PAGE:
There’s a kind of mental blindness going around businesses these days, and it comes with a hefty price tag in terms of money, market share, and customer loyalty. This blindness leads companies to grow at the cost of their current clients, and out of pace with the infrastructure that has allowed them to provide desirable goods or services, reliably, and at a reasonable cost.
Mental blindness occurs when and individual, a department, or a full organization fail to see a problem or a project in terms of the whole picture, instead focusing on the piece that is right in front of them. Day to day operations eclipse strategic planning. There can be many reasons for the blindness—complacency, lack of training and communication, bad work environment, arrogance and ambition that outweigh the reality of the need for a strategic plan to manage growth. If left unchecked, mental blindness can be the kiss of death for the organization.
Sometimes the mental blindness is limited to one or two departments within the organization. For example, IT personnel may bring to a manager’s attention that they need more training on a specific software package. The manager, experiencing mental blindness, fails to acknowledge the need. Or when there is poor communication between Production and Sales, leading to backlogs of orders and overstocks of items that aren’t selling well. In these examples, the blindness may have been confined to one department, but the effects are felt throughout as poorly trained workers make costly mistakes; dissatisfied clients take their money elsewhere; and resources are tied up in making, storing, and moving products that consumers aren’t buying.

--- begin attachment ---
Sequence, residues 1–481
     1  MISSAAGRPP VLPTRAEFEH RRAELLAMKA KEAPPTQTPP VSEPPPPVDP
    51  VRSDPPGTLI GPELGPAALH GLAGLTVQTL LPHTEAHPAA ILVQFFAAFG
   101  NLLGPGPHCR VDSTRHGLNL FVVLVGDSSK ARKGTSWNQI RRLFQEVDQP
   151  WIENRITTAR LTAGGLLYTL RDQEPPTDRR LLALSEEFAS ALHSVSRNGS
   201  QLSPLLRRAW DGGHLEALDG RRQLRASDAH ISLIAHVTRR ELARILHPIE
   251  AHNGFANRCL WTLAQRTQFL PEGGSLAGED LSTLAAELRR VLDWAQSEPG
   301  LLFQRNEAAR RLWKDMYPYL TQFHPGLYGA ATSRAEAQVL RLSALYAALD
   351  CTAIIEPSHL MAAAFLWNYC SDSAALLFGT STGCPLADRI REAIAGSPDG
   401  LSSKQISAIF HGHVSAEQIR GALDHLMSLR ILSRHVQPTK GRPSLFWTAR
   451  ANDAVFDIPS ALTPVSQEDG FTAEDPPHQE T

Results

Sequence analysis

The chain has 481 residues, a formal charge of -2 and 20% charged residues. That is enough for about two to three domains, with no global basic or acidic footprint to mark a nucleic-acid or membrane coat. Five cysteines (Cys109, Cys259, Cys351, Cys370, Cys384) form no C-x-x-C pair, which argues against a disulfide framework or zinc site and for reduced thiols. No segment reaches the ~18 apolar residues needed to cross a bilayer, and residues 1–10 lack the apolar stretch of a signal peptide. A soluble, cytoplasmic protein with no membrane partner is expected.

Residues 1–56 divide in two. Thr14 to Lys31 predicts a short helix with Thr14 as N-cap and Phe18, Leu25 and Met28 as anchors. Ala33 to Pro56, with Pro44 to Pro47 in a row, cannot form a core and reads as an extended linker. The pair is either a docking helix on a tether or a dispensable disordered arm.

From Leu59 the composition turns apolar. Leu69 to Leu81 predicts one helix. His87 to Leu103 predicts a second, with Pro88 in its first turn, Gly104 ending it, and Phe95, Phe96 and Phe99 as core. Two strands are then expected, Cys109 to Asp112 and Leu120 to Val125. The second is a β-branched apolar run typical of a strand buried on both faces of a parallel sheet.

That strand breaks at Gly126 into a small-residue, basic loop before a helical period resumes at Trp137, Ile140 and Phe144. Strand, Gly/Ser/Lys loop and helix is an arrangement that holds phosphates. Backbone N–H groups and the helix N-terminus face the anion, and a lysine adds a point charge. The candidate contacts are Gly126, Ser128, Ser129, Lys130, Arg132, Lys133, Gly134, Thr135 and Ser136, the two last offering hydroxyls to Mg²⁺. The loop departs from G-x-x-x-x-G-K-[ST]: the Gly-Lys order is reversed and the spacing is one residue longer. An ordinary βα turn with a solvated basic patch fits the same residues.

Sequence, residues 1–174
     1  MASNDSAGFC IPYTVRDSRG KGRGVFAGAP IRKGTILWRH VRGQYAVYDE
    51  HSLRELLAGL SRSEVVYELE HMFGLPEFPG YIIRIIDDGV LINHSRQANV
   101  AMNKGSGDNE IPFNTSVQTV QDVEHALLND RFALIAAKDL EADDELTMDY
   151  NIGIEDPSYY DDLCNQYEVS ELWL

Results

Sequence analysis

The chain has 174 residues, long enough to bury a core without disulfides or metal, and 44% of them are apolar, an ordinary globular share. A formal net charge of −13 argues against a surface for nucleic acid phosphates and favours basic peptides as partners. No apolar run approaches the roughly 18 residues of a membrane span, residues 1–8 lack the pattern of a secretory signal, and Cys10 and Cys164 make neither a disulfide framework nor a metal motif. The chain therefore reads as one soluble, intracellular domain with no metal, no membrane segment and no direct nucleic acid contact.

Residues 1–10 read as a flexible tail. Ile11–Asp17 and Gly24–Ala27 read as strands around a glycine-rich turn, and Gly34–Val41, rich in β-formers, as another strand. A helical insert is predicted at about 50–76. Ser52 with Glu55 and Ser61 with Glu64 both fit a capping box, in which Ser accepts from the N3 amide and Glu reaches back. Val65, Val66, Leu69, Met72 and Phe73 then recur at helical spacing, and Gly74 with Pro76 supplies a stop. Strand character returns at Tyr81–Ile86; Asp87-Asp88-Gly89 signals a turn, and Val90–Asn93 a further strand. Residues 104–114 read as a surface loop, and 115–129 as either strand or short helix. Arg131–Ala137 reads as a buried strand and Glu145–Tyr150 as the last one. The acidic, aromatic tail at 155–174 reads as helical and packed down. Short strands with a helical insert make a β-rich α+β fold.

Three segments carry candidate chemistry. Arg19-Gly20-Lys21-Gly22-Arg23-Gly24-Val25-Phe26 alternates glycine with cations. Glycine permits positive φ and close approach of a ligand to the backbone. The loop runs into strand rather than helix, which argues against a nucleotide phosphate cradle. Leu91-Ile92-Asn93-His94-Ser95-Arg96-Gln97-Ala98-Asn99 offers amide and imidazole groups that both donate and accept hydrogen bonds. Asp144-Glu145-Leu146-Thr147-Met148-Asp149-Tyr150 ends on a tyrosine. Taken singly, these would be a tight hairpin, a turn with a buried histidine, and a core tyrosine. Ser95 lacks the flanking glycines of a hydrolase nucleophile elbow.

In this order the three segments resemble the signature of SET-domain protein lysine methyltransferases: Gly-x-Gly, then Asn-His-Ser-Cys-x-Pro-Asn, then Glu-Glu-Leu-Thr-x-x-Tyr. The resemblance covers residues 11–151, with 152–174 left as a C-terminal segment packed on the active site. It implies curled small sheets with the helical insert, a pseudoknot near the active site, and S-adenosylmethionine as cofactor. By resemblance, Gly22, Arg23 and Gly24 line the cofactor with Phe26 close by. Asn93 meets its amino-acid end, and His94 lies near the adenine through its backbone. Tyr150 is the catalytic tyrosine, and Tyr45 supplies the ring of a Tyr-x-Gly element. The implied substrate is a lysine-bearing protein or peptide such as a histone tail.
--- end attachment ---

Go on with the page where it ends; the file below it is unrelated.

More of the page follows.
Sometimes mental blindness takes hold of an entire company, as in the cases of Uber and Target. In eight years, Uber rose from a startup to one of the most valuable companies in America, by some estimates worth over $70 billion. There was not a strong foundation to support and guide this explosive growth. Along the way, they have been plagued by legal troubles with claims ranging from sexual harassment to rape. No matter how Uber weathers these storms, it is plain to see that they have some serious problems with their company culture, and with serving their customers. Unchecked growth and lack of foresight led to catastrophe. And then there’s the case of Target’s failed foray into Canada. This attempted expansion was marked by unattractive retail locations, poorly stocked shelves, and dissatisfaction for the Canadian consumers, all because mental blindness prevented Target leaders from planning carefully before embarking on such a large venture. Target is out billions of dollars, and they may never be able to gain a foothold in Canada.
The costs of mental blindness are many—bad press leading to loss of faith from consumers and shareholders; hindered growth that leaves room for the competition to get ahead; unnecessary spending on worthless property and tools; costly government investigations and lawsuits; and most importantly, the impact on the lives of employees, shareholder, and customers. Once these people have lost faith in an organization, it’s nearly impossible to get them back. Taking a step back, taking a few breaths, and seeing the big picture is a much smarter way to do business. It’s much wiser to do it right the first time.
Beacon Grace LLC helps combat mental blindness with our proprietary ‘Beacon Operational Health Assessment’. We help supply chain organizations measure their operational health to aid in strategic planning, financial allocation, and risk mitigation. To learn more, go to www.beacongrace.com. Or, contact us at (240) 329-9400.